N.C. troops 'centerpiece' of Haiti relief
Posted January 18, 2010 5:52 a.m. EST
Updated January 18, 2010 10:20 a.m. EST
PORT-AU-PRINCE, Haiti — Thousands of Camp Lejeune-based Marines are expected to arrive off the shore of Haiti's devastated capital city Monday.
They will join 1,000 82nd Airborne Division paratroopers whose commanding general describes them as the "centerpiece" of the relief effort after last Tuesday's earthquake that is estimated to have killed more than 100,000 people.
"This mission could not happen without the 82nd Airborne," said said Army Lt. Gen. P.K. "Ken" Keen, commander of the Haiti mission. "It's absolutely critical. They're the centerpiece of what we're doing right now."
The 82nd is running one of four supply distribution points on a hillside overlooking Port-au-Prince. About 50,000 people have created what has come to be called a "survivor's camp" on that hillside in order to be close at hand for the daily distribution of food and water.
Nearby is the 82nd's forward operating base at Petionville Club. The damaged country club has Haiti's only golf course.
Paratroopers have also started going into hard-hit areas of the capital city and handing out rations to homeless residents, many of whom are camping out in the open streets. On a convoy Monday morning, well-behaved crowds received all the food and water the soldiers had in a half-hour.
The nearly 1,000 paratroopers will soon be joined by the 82nd's entire 2nd Brigade, bringing their numbers to 3,500, Keen said.
The 82nd Airborne's commanding general praised the support from Pope Air Force personnel Base and Fort Bragg's civilian staff, transporting soldiers, supplies and aid.
"Our paratroopers and soldiers are the greatest the world has ever known. But it also important to acknowledge that it is not just the soldiers that make this post work and that make this operation happen," Lt. Gen. Frank G. Helmick said in a statement.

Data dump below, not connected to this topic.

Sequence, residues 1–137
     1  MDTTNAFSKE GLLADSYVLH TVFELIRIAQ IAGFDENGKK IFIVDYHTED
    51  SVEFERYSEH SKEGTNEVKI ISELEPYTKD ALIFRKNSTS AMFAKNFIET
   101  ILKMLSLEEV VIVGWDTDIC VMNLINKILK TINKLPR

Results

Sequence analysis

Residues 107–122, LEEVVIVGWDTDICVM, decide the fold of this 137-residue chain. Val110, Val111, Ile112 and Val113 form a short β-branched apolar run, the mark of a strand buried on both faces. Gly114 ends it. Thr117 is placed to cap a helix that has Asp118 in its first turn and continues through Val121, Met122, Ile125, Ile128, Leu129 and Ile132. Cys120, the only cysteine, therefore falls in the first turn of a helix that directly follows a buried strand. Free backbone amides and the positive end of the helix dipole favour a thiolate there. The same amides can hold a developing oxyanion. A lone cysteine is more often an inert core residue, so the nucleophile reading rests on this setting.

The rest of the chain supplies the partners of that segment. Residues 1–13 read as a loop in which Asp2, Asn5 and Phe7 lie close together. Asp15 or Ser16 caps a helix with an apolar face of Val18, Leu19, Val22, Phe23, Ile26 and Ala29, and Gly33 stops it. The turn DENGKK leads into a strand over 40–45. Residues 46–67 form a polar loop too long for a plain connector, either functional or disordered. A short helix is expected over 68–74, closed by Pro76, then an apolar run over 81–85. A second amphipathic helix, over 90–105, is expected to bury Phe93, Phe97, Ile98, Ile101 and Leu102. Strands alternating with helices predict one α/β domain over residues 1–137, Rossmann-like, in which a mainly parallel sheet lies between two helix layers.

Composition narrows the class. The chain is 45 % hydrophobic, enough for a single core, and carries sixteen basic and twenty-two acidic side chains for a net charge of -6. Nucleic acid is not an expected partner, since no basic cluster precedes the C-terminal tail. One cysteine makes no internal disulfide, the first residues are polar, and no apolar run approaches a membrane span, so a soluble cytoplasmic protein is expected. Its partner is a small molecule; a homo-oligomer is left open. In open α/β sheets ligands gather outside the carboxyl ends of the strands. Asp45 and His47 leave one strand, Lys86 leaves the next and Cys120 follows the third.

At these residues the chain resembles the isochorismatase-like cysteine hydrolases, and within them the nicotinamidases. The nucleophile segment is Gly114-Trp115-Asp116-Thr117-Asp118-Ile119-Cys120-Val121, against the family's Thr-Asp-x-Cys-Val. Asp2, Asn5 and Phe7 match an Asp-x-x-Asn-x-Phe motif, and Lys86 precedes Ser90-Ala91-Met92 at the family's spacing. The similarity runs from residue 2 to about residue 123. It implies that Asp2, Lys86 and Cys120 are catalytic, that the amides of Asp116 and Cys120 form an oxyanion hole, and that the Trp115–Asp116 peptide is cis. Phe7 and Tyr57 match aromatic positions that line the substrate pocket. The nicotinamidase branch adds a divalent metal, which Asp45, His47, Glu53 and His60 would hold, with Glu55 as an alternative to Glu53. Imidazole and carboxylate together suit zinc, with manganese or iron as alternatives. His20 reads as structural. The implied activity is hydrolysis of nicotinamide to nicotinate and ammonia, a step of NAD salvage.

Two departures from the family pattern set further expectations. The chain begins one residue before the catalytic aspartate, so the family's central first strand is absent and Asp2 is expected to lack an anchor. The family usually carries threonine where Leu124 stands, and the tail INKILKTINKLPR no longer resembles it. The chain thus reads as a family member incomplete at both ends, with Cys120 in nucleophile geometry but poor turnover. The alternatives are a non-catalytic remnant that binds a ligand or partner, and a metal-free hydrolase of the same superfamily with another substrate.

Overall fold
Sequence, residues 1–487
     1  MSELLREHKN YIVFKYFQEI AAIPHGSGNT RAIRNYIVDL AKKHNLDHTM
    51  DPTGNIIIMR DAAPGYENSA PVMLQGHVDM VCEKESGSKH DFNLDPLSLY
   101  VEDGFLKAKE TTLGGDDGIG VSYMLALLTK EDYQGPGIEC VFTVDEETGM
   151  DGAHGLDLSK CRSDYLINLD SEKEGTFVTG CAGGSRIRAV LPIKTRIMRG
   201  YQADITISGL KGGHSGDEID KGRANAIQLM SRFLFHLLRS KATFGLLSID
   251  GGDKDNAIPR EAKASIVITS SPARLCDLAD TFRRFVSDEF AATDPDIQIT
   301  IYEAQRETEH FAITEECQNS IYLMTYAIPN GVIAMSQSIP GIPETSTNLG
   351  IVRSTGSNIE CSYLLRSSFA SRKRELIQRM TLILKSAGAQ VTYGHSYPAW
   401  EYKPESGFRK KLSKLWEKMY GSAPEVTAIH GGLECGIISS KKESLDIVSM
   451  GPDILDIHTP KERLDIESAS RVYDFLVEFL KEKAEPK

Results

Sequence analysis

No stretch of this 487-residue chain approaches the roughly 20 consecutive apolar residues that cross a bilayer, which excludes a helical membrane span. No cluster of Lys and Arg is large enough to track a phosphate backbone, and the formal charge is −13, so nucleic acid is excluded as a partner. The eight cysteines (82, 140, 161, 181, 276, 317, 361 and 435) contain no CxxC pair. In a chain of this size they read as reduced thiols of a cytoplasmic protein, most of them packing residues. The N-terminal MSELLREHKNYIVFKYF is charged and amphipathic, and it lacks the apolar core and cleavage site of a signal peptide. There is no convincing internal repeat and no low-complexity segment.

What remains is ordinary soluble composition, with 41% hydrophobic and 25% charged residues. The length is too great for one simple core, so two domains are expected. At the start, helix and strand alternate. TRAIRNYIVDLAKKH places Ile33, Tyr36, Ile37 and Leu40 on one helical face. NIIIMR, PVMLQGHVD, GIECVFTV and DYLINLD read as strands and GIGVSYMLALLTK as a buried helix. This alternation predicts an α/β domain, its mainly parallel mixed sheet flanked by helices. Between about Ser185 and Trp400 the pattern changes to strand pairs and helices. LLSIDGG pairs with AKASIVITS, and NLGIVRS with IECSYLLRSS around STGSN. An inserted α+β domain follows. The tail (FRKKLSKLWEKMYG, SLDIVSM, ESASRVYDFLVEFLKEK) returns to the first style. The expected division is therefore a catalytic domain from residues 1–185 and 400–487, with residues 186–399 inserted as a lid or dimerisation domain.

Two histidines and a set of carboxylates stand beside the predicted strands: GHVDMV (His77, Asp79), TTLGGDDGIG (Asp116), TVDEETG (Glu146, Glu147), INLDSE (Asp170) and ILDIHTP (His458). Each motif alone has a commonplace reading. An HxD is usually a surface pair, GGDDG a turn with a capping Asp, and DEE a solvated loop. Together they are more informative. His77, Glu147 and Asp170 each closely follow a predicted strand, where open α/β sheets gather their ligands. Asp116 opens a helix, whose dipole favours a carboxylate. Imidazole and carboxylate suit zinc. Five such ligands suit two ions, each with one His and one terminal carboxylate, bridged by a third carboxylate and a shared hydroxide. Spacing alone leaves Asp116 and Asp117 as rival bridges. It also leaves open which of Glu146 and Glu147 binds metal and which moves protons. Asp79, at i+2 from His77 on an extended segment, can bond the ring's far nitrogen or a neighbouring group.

"We are blessed by a tremendous civilian staff in both the Garrison Command and the Mission Support Element, which augment the military.
"Our Air Force brothers at Pope are remarkable, and we could not do this without them," he continued. "While we wear different uniforms, we are one team."
The Camp Lejeune-based 2nd Marine Expeditionary Unit arriving in Haiti Monday on a U.S. naval ship is expected to stay for at least 30 days. The outfit of 2,200 Marines and sailors will reinforce 1,000 Marines already on the ground.
The 2nd MEU is trained to provide disaster relief, including engineering support and medical aid. It is bringing trucks, earth-moving equipment and water-purification systems.
The unit has been to Haiti at least three times before to provide relief to refugees and storm victims.
In other U.S. military efforts, the U.S. Coast Guard ship Oak arrived Sunday and will use heavy cranes and other equipment to fix Port-au-Prince's harbor. Earthquake damage made the port inoperable, making the country's single-runway airport the only access point for incoming aid.
Additionally, 7,000 United Nations peacekeepers and 2,100 international police offers are on the ground in Haiti as part of a peacekeeping mission that pre-dates the earthquake.
U.N. peacekeeping chief Alain Le Roy said Monday that he plans to ask the Security Council to temporarily increase the U.N.'s force.